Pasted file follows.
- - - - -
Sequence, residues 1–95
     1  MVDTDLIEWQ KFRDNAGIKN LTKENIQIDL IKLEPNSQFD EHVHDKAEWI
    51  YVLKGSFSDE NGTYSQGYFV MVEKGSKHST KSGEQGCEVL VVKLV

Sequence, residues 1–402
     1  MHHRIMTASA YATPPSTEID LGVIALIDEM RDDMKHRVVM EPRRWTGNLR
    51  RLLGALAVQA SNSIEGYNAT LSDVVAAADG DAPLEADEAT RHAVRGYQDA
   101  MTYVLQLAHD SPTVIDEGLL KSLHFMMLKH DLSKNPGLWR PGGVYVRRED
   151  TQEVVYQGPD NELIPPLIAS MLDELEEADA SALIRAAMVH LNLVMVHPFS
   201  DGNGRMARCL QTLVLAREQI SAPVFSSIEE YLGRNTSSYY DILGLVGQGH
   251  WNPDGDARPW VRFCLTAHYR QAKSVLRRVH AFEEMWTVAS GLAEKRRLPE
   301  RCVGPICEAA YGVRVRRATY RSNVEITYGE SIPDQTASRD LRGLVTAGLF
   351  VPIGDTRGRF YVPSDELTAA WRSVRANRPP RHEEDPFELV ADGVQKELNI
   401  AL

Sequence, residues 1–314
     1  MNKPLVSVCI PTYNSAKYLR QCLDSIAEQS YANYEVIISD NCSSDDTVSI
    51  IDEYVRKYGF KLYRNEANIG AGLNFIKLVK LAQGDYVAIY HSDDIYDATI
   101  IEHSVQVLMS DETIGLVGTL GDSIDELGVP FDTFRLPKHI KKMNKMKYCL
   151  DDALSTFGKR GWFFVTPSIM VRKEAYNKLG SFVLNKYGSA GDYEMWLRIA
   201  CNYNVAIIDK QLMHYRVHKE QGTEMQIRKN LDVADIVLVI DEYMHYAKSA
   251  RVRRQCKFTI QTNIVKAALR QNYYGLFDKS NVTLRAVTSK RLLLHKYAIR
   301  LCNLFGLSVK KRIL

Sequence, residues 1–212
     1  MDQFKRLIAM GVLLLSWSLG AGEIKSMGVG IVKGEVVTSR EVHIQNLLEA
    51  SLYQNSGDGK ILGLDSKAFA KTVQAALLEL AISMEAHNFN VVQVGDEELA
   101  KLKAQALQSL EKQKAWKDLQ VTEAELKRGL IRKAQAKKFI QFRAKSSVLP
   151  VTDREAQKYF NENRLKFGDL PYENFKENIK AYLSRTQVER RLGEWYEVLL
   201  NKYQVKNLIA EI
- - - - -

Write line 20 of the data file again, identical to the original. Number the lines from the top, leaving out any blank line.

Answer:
   251  RVRRQCKFTI QTNIVKAALR QNYYGLFDKS NVTLRAVTSK RLLLHKYAIR